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  • April 17, 2013 at 1:43 pm
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    While I appreciate that some dailies have to go weekly on economic grounds – few dailies, I suspect, make money on only one or two days, if that – to call the new weekly figures ‘increases’ is ridiculous. Divide the weekly figures by six and you get the actual circulations, which show massive losses. Also, the value to advertisers of six-day publication is enormous. Tread carefully before you go weekly, cutting staff as you do it, it could spell disaster.

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  • April 17, 2013 at 2:17 pm
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    KellyC why would Wrexham close a press that makes money from contract work (Mainly for Newsquest)? And if they have the facility they might as well stick out a paper five days a week totalling 90k copies. Don’t be like Steve and assume every company behaves the same way. They don’t.

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  • April 17, 2013 at 5:36 pm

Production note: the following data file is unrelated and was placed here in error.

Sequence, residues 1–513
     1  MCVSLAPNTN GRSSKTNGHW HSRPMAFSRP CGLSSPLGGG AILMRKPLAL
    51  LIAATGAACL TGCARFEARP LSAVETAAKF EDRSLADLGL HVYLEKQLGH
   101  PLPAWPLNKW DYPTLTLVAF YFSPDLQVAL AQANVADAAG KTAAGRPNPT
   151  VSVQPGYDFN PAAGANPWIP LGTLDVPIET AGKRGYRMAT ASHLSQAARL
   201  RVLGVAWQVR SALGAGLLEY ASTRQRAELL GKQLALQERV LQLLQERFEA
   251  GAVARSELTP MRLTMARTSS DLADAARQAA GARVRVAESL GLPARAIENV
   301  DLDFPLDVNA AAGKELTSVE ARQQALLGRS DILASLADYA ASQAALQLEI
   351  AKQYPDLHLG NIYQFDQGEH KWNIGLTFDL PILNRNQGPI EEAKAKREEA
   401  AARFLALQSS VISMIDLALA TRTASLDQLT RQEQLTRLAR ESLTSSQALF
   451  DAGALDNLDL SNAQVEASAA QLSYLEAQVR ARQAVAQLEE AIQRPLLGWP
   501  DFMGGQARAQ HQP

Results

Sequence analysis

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    Many thanks to all who have commented. It’s one of the next big issues for many dailies and so both needs and deserves a debate. For those interested, it’s worth reading a feature I did on ‘Going Weekly’ for InPublishing back in mid-2011… when only three dailies had gone. It’s here http://www.inpublishing.co.uk/kb/articles/going_weekly.aspx
    In particular, note two things. One, the detailed, honest comments made by Sam Holliday, then editor of the Bath Chronicle. According to Sam, going weekly saved his paper – and he explains why, in detail. Two, note my list of around 20 dailies ‘at risk’ of going weekly; since then, seven of those listed have converted. Predictions are fraught with all sorts of complications, of course, and there will be papers on this blog’s ‘at risk’ list that, for good, individual marketplace reasons, will stay daily. And if my predictions have offended anyone at those titles, I apologise. But… I stand by my prediction – based on some detailed research over the last two years – that at least three will convert within a year.

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  • April 17, 2013 at 6:25 pm
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    how can a daily sale of 10-15000, perhaps 50-60,000 weekly,which then goes weekly,for say a sale of17,500 be considered a percentage increase………………….

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  • April 18, 2013 at 10:52 am
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    Hi Confused, it’s “lies, damned lies and statistics”… they take an average day of the week sale from pre-conversion, (say, 12,000 copies) and then compare it with the new weekly sale (say, 15,000 copies). So it looks like circulation has rocketed by 25 per cent.